Two New Lenses
Lenses on Learning: A New Focus for Mathematics and School Leadership, the new first course, consists of three modules designed to help administrators explore the significance of these new ideas about mathematics instruction for their own administrative responsibilities—supporting teacher professional development, doing classroom observations, and instructional leadership more generally.
The new modules consider the following issues:
- The nature of mathematical understanding: Through engaging in mathematical problem solving, administrators gain an appreciation for the nature of mathematical understanding that goes beyond algorithmic manipulation.
- The development of children’s mathematical understanding: Using videos and reviewing children’s written work, administrators learn about the development of children’s mathematical thinking.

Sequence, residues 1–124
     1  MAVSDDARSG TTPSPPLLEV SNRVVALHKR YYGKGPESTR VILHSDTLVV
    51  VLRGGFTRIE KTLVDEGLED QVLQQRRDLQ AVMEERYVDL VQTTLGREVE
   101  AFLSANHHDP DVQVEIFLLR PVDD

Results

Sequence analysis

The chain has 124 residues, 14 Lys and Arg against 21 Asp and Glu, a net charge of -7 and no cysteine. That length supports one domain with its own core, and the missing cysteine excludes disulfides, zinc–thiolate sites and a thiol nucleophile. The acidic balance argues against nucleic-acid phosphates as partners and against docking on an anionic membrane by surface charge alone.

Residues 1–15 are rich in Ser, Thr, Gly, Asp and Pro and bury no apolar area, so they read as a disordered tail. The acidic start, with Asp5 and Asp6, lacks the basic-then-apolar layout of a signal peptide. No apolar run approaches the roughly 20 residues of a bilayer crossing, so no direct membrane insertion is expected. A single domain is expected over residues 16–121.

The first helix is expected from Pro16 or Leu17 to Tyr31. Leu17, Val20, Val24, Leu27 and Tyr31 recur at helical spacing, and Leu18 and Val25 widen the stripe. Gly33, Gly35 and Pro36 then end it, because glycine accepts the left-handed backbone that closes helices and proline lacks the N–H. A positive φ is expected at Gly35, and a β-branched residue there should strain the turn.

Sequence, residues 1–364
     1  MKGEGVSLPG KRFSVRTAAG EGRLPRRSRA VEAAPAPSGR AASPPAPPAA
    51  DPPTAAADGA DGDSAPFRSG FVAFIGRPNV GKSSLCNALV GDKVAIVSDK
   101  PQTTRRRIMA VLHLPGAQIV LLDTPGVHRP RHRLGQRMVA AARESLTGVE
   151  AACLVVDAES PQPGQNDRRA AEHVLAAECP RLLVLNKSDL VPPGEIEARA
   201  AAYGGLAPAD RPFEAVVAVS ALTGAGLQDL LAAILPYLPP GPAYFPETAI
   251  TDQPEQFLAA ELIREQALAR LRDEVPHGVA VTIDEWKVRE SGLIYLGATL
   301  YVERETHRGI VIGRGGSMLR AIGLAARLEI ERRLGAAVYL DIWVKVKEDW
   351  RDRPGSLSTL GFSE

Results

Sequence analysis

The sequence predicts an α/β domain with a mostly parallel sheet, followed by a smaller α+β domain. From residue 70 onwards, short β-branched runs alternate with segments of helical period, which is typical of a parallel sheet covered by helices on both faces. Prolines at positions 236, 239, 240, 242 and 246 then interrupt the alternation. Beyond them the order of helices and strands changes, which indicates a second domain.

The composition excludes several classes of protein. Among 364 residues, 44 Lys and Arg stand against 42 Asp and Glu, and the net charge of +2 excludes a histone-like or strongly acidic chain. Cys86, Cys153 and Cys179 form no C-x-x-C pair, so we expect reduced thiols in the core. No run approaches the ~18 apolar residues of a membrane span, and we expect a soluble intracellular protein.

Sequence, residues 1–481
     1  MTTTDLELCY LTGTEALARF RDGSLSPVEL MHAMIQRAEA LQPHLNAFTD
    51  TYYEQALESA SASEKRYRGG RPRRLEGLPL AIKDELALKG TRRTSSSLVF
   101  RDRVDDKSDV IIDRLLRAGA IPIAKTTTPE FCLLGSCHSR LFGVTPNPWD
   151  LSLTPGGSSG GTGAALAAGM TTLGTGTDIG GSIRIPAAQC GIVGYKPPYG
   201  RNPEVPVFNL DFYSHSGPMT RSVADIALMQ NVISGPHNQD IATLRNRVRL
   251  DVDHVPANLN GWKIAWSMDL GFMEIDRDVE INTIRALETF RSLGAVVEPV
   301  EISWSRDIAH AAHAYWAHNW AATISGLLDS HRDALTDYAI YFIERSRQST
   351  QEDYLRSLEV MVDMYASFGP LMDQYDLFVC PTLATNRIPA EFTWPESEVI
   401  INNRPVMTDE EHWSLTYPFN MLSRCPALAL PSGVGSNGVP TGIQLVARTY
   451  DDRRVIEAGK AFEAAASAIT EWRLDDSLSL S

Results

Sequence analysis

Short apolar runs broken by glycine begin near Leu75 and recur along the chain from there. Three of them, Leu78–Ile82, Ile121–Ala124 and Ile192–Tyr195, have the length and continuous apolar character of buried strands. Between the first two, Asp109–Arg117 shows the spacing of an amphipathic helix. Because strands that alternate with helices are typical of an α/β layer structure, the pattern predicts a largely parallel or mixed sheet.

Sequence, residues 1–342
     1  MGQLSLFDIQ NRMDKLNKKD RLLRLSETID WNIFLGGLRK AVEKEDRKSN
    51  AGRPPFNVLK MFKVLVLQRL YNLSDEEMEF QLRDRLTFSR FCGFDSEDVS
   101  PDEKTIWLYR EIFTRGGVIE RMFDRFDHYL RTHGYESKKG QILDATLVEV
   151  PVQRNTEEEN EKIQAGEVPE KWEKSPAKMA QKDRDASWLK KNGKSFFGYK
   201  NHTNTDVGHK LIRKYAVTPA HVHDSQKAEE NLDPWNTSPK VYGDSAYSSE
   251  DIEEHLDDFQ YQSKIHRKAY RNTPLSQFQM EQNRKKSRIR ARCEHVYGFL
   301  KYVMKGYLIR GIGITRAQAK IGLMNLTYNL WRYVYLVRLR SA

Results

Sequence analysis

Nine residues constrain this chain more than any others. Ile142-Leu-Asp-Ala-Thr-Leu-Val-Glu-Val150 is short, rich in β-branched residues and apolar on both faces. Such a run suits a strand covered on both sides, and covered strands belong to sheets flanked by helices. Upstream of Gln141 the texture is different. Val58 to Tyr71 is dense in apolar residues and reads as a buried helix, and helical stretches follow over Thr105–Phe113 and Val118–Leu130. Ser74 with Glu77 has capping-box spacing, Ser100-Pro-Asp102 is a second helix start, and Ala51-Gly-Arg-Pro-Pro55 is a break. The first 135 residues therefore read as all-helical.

- Discourse-based mathematics instruction: Administrators develop an "eye" for elementary mathematics classrooms and see how learning occurs through problem solving.
- Professional development for teachers: Administrators are introduced to several approaches to professional development and they discuss what teachers need to know and what they need to know how to do.
- Heterogeneity in the classroom: Administrators consider differences in cultural socialization, ethnicity, socioeconomic status, cognitive style and motivational style.
- Assessment: Administrators consider the meaning of standards-based assessment, and review new kinds of assessment. This course was nationally field-tested in eight sites.